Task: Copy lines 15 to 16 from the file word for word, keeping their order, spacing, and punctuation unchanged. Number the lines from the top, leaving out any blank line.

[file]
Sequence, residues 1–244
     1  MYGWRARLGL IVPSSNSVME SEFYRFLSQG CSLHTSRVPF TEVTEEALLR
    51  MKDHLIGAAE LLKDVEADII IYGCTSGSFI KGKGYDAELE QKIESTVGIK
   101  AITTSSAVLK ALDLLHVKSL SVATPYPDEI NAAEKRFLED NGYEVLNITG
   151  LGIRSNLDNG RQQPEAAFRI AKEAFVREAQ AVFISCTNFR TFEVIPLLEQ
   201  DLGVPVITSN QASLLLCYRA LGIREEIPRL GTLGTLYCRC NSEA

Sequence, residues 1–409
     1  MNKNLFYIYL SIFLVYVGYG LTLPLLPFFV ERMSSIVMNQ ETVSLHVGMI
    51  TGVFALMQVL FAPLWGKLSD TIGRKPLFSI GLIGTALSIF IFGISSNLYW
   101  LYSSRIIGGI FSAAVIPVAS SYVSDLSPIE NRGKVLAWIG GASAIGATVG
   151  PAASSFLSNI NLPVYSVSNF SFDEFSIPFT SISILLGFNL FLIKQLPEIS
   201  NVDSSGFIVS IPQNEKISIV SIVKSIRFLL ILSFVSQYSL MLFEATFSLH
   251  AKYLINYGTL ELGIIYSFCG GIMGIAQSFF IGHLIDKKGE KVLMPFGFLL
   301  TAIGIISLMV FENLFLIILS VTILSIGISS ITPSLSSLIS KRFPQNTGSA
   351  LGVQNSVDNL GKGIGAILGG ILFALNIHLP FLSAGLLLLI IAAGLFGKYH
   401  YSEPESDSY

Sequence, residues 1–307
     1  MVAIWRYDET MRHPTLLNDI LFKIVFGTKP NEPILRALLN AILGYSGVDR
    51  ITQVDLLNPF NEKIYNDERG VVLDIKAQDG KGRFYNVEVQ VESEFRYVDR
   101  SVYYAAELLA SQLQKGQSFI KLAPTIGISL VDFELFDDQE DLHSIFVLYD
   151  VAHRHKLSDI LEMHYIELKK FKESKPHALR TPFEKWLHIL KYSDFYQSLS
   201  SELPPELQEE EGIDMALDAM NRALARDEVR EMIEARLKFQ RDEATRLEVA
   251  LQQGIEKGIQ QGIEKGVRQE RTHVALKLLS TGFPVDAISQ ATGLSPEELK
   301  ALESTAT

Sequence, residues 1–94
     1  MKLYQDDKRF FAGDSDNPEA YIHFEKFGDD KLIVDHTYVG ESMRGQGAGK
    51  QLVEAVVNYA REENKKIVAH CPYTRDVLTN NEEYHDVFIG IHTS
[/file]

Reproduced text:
   351  LGVQNSVDNL GKGIGAILGG ILFALNIHLP FLSAGLLLLI IAAGLFGKYH
   401  YSEPESDSY